It’s really easy to just get pissed at someone who’s showing up late or constantly making the same mistake in the boat but getting pissed doesn’t help anyone and it doesn’t fix the problem. This goes hand in hand with the “don’t punish the symptoms, address the cause” or whatever that adage is.
Take care of the equipment and the environment you row in
This is simple – it’s about pride. If you have pride in the space you row out of, as well as the equipment you use, then you’re more likely to take your training seriously.
Make pre-row stuff light and fun
I loved the question that Wes posed when he brought up this point – “Who are you gonna be? Are you gonna make atmosphere better or wait for someone else to do it?”
Know when to shift gears from fun to intense focus
One of the things I really appreciate about our team is their ability to shift from loose and chill before practice (during which some of the most ridiculous conversations I’ve ever heard happen) to completely dialed in and ready to get shit done the moment they finish their warmup. It makes things easier for the coaches, it gets us on the water faster, and it sets the tone early on (for practice, for the underclassmen, and for the team as a whole…) that regardless of whatever else everyone’s got going on or whatever riveting debate you were having earlier, all of that is put on pause until 8:30am so that we can all collectively focus on accomplishing that day’s goal(s).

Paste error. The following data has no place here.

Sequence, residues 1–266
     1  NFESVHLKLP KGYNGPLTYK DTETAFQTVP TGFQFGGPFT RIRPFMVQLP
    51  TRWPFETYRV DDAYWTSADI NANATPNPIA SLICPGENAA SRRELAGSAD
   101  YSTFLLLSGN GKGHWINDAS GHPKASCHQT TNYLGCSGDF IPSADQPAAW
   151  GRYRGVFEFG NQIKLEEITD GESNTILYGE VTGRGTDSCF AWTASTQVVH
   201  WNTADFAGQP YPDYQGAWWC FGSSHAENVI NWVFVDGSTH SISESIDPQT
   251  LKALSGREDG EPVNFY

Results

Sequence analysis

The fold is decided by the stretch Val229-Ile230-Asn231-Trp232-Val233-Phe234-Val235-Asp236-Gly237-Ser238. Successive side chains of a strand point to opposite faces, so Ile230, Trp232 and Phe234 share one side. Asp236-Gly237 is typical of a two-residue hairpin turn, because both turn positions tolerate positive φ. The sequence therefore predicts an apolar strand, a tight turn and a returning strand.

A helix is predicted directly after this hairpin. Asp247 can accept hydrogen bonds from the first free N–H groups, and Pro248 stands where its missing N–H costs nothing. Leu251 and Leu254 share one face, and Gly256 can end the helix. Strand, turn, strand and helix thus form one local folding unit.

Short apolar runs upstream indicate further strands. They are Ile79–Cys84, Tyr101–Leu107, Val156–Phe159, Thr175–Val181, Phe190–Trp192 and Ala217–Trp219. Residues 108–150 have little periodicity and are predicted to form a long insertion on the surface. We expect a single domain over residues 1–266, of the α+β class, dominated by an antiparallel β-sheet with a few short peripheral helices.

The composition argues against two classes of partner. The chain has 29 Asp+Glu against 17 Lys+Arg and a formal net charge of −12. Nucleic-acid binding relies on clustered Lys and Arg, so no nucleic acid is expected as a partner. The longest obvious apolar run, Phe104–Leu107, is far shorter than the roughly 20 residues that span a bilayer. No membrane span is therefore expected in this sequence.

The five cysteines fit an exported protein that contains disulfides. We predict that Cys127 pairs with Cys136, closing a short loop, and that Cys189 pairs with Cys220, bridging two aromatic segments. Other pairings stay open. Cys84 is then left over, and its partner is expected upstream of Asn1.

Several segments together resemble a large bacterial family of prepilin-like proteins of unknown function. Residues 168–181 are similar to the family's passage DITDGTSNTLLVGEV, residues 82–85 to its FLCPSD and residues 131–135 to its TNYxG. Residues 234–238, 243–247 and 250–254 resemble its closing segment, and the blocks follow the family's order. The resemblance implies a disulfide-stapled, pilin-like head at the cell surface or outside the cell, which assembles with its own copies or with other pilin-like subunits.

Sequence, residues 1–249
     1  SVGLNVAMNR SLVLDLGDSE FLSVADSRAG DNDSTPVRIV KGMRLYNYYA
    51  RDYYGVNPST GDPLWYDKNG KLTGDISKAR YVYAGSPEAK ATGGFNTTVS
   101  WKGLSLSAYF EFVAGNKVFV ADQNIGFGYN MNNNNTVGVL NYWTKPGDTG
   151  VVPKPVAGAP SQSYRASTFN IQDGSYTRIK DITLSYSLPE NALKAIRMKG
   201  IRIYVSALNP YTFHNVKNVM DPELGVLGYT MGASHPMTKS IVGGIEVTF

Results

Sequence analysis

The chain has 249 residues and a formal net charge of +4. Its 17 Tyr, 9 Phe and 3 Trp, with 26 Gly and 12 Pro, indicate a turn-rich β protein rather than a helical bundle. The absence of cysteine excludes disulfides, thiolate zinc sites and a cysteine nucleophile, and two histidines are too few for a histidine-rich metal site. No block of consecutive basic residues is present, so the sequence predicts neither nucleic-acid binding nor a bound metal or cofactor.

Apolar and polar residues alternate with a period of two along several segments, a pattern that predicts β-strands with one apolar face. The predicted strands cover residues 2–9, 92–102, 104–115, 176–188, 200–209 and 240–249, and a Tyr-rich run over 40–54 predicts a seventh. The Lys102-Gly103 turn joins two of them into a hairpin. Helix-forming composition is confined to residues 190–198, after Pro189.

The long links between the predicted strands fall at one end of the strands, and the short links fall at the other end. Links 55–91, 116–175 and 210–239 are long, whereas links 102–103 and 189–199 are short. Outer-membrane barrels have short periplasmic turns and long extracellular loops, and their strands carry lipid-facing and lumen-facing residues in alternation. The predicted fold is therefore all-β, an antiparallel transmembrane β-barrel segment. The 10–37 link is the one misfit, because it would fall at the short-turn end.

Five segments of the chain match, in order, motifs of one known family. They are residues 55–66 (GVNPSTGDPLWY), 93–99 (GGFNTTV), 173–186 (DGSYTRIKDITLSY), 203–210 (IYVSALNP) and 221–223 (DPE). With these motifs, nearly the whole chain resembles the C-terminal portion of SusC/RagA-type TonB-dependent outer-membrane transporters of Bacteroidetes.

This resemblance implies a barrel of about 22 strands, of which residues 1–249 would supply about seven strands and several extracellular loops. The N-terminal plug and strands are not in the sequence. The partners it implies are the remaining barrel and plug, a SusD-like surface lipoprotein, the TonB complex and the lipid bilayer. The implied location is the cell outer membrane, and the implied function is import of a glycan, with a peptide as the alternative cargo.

Ask questions but don’t ask just to be heard
This is all about maturity. Everybody can relate to this one because we’ve all been in class with that person who says something, not because they actually have anything to contribute but because they want to be heard so they can get their participation points (or just disrupt the conversation). This is an easy trap for coxswains, particularly younger ones, to fall into because they know they’re expected to know things but rather than just asking a question or saying they don’t understand, they blurt out and rattle off a hundred different things that are all wrong and wildly off base because they think that’ll give off the impression that they’re making an effort.
If you have something important to say or contribute then you should absolutely put it out there but don’t waste your or everyone else’s time if whatever you’re gonna say isn’t relevant, is grasping at straws, or is just disruptive to the flow of practice.